Trying to analyse the state of Additive Manufacturing (AM) technology might feel like trying to assemble a jigsaw puzzle as the pieces are being set. Each player in this fast-moving arena presents a piece of the puzzle, and potential and current adopters have questions that range from as basic as choosing a material to as advanced as how to accurately confer properties on a molecular level.
“To obtain a true sense of what is possible today and, in the future, IMTS 2018 – The International Manufacturing Technology Show, offers an unprecedented concentration of Additive Manufacturing resources,” said Peter R. Eelman, Vice President at AMT – The Association For Manufacturing Technology, which owns and produces IMTS. “In such a short time, the history of IMTS has become synonymous with AM technology breakthroughs.” At IMTS 2018, Eelman predicts that one of the hottest AM topics of discussion will be how to extend the digital thread from design through processing to final part.
Held from September 10-15 at Chicago’s McCormick Place, the AM resources at IMTS include the Additive Manufacturing Pavilion and a second AMT’s Emerging Technology Centre focused strictly on Additive Manufacturing, both located at the entrance to the West Building in an expanded exhibit space. The AM Pavilion now boasts 56 exhibitors, up from 21 two years ago, plus several exhibitors in other Pavilions who will showcase additive-related technology.
During show years, IMTS hosts the Additive Manufacturing Conference presented by Gardner Business Media on September 11-12 and the Applied AM – Where Additive Minds Meet symposium presented by EOS North America on September 12. In addition, at least six of the technical sessions presented as part of the IMTS Conference will focus on AM technology.
“IMTS is valuable for any company that wants to stay competitive,” said Glynn Fletcher, President of EOS North America. “Moving into production with additive manufacturing is a new experience for everybody. That’s why we bring a large team of experts who know the technology and equipment, from engineers to service techs. There’s no other place where you can have access to so many experts at one time. It’s a truly unique experience.”
The theme for EOS’s IMTS 2018 exhibit is an 'Additive Mile' that takes visitors through the progressive steps of a journey in additive manufacturing: prototype, looking at material options, selecting and optimising part design, scaling up, production, integration into a facility and ongoing service and upgrades.
“Additive manufacturing is about solving the problem of high-cost, low-volume manufacturing,” says Ed Israel, President and co-founder of Plural Additive Manufacturing. “There’s been a huge void in the marketplace for companies that couldn’t afford the technology but would benefit from producing good prototype parts and serial manufactured parts using 3D printing. IMTS 2018 is the best place to learn how.”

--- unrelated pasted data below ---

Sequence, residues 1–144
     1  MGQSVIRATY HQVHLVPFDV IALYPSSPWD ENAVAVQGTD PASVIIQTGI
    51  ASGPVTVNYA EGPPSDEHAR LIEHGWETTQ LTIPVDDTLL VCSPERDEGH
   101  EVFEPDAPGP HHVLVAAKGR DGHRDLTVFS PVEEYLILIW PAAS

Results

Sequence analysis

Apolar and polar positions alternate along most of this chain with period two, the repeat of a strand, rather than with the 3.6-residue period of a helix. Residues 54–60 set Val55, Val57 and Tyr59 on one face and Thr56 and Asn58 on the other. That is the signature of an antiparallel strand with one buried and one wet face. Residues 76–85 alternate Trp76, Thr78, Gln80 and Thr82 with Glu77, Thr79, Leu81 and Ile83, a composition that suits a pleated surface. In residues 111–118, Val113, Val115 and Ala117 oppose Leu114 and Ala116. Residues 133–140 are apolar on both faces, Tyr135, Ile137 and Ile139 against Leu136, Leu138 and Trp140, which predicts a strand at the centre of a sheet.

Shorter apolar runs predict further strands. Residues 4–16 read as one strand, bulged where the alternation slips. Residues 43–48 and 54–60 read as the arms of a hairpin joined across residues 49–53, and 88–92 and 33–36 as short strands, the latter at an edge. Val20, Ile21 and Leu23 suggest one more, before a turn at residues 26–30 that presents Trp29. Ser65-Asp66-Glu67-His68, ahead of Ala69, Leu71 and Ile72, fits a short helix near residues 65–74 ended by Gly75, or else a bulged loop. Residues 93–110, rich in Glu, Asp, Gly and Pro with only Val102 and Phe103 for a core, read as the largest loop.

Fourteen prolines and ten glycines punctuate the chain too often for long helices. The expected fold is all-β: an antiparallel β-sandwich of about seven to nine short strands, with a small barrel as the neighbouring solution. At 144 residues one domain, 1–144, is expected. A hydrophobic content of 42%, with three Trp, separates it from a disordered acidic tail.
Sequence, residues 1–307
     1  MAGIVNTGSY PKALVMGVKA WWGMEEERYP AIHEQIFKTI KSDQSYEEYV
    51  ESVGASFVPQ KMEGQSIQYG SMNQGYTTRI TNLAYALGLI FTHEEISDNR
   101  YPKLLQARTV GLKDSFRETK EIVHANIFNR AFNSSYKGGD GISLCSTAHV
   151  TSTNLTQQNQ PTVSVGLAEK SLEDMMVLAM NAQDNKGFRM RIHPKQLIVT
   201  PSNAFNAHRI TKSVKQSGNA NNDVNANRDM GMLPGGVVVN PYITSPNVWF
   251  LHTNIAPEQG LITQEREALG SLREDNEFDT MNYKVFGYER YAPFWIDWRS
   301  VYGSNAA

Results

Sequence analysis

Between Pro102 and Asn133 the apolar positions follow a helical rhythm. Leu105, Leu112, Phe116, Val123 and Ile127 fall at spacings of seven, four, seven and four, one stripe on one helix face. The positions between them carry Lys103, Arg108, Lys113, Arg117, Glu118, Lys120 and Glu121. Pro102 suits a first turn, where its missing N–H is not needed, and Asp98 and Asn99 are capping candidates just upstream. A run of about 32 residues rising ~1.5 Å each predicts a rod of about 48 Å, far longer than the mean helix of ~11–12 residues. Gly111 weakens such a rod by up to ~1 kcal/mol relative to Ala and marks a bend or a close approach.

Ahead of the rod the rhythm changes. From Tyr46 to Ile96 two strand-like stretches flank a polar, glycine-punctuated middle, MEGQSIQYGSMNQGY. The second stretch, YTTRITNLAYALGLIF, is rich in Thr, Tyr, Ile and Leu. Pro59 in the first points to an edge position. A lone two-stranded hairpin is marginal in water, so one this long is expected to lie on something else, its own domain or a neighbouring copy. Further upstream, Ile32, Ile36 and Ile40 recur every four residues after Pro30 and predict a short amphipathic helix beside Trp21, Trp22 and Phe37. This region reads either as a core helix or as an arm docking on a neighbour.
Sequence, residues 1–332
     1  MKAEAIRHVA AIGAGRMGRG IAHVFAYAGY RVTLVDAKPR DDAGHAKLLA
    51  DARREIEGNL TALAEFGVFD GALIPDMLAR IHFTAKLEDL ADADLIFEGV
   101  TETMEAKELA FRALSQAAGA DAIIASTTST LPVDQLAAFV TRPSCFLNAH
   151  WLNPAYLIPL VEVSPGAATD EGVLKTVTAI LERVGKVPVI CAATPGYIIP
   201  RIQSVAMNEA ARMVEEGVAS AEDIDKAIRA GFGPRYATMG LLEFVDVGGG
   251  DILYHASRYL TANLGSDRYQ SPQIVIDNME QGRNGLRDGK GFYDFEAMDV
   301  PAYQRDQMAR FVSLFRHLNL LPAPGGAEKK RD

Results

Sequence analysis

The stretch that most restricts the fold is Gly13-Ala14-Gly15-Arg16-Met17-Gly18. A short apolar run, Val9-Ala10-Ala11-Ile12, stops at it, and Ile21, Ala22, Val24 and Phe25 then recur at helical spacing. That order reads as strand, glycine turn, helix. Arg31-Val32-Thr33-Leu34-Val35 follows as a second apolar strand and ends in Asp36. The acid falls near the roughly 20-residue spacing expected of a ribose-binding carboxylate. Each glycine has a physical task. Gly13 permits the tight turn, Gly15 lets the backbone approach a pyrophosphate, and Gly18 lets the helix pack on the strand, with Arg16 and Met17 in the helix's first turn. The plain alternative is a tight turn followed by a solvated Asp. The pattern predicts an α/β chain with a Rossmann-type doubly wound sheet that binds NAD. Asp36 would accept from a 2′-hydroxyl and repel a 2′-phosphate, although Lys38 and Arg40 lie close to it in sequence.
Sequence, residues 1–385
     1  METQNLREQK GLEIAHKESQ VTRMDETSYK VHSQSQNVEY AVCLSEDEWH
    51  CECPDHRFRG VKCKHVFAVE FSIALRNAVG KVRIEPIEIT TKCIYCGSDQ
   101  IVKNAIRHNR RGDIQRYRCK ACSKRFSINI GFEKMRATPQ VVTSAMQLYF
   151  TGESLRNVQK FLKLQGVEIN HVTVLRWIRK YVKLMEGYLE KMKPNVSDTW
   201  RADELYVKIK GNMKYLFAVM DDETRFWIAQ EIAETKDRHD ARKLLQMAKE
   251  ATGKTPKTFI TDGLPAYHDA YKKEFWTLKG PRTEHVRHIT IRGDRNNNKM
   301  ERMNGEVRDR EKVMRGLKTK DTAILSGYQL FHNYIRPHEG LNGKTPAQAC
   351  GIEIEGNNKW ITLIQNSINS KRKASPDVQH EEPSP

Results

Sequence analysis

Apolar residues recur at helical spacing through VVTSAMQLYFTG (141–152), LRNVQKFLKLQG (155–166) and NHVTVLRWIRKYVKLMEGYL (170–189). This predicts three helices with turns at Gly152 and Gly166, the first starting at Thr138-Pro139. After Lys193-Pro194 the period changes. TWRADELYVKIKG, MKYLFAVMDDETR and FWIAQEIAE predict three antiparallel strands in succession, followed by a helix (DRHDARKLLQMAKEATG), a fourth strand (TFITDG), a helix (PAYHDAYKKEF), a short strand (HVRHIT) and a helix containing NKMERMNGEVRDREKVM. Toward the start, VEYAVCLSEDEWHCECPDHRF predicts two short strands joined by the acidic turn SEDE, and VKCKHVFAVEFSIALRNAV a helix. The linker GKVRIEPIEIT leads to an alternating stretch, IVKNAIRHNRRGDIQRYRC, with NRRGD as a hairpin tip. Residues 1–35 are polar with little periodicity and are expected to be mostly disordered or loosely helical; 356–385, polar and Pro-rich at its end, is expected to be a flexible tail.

Software for Additive Manufacturing
In a snapshot, the industry has gone from using AM for prototyping, to building jigs and fixtures and finally to serial manufacture of end parts. It’s a recommended path of technology adoption, as it helps companies become familiar in digestible increments. As companies move forward, however, they need to invest in AM-specific software.
“Originally, machines, materials and CAD/CAM software were made for prototyping. Now we need tools that are more robust to produce desirable, repeatable parts,” says Duann Scott Business Development & Strategy, Additive for Autodesk. Scott explains that AM is an umbrella term for many different technologies and each technology has its own problems to solve.
“With our Nebfabb suite of additive manufacturing software, we can streamline workflow from design and optimisation, preparation and simulation and then processing,” Scott says.
One of the issues that many users of AM grapple with is that they don’t understand what happens during the build process, and that induces more trial and error time.
“What we're seeing in metal printing is that there’s a lot of thermal distortion in the parts from the energy directed to the powder,” says Scott. “Autodesk software can simulate the build process and look for distortion, compensate and create successful prints for those parts.”
While Doug Dingus, Plural’s Director of Service, has more than 20 years of CAD and related software experience, he will attend IMTS for the first time this year.
“Jumping into the additive manufacturing scene feels to me a lot like CAD did in the 90s,” he said. “If you look back at solid modelling and how it changed so many industries, this looks exactly the same way. AM is on the cusp of a big explosion. I think IMTS is the place to go, because that’s where all the industry players will meet.”